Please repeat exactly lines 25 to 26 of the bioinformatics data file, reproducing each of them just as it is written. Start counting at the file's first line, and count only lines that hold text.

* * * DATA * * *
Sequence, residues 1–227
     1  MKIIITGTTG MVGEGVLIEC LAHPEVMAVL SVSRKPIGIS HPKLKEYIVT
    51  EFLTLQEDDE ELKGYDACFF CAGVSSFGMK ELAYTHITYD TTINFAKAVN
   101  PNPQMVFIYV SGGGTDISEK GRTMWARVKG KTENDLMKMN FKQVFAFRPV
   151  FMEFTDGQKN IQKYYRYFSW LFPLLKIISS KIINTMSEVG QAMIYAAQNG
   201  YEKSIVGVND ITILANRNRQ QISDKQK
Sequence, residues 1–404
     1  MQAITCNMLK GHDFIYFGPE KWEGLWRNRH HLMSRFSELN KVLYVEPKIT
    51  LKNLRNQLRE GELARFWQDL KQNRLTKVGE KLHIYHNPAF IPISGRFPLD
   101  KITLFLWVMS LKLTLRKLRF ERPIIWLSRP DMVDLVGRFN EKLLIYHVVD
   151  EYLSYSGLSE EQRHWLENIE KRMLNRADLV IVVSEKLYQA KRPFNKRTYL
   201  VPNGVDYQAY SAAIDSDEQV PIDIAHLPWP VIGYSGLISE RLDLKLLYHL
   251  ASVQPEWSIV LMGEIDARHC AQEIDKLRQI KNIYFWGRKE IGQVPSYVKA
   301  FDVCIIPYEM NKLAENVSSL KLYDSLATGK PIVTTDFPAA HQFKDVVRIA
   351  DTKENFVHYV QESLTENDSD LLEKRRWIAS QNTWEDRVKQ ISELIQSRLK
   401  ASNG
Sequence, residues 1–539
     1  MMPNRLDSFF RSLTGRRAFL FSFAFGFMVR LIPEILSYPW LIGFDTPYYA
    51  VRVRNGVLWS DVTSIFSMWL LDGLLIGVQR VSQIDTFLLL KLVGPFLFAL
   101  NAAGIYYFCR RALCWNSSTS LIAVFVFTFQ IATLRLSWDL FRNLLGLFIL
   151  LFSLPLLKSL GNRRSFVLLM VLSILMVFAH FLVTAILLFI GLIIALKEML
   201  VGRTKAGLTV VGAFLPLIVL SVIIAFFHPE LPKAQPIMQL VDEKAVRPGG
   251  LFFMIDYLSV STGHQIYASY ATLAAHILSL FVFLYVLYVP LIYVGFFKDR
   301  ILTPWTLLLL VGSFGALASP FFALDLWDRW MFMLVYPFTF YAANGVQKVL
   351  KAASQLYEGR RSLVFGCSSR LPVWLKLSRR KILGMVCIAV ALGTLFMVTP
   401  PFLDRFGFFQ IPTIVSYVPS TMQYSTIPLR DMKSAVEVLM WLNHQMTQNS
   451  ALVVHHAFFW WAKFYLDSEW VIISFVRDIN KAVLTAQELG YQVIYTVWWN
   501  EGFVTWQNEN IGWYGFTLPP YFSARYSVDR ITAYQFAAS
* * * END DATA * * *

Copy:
   351  KAASQLYEGR RSLVFGCSSR LPVWLKLSRR KILGMVCIAV ALGTLFMVTP
   401  PFLDRFGFFQ IPTIVSYVPS TMQYSTIPLR DMKSAVEVLM WLNHQMTQNS